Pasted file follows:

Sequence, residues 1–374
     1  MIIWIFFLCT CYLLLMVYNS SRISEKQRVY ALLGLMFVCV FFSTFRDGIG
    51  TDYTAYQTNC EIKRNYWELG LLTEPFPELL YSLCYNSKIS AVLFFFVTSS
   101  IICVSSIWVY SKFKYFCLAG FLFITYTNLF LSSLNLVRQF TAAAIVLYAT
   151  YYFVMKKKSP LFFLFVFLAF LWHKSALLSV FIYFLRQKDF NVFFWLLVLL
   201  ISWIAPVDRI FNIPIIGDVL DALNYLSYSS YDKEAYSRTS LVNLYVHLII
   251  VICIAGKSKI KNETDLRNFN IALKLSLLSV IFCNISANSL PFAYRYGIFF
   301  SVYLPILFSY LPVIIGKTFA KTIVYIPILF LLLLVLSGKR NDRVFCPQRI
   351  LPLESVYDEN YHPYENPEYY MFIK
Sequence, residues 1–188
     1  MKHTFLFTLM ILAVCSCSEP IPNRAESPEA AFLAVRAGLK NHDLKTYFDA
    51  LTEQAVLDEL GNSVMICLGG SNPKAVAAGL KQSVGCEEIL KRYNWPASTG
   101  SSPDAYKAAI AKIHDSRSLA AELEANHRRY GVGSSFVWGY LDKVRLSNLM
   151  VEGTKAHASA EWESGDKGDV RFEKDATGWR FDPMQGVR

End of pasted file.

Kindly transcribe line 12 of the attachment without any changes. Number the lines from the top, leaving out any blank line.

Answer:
    51  LTEQAVLDEL GNSVMICLGG SNPKAVAAGL KQSVGCEEIL KRYNWPASTG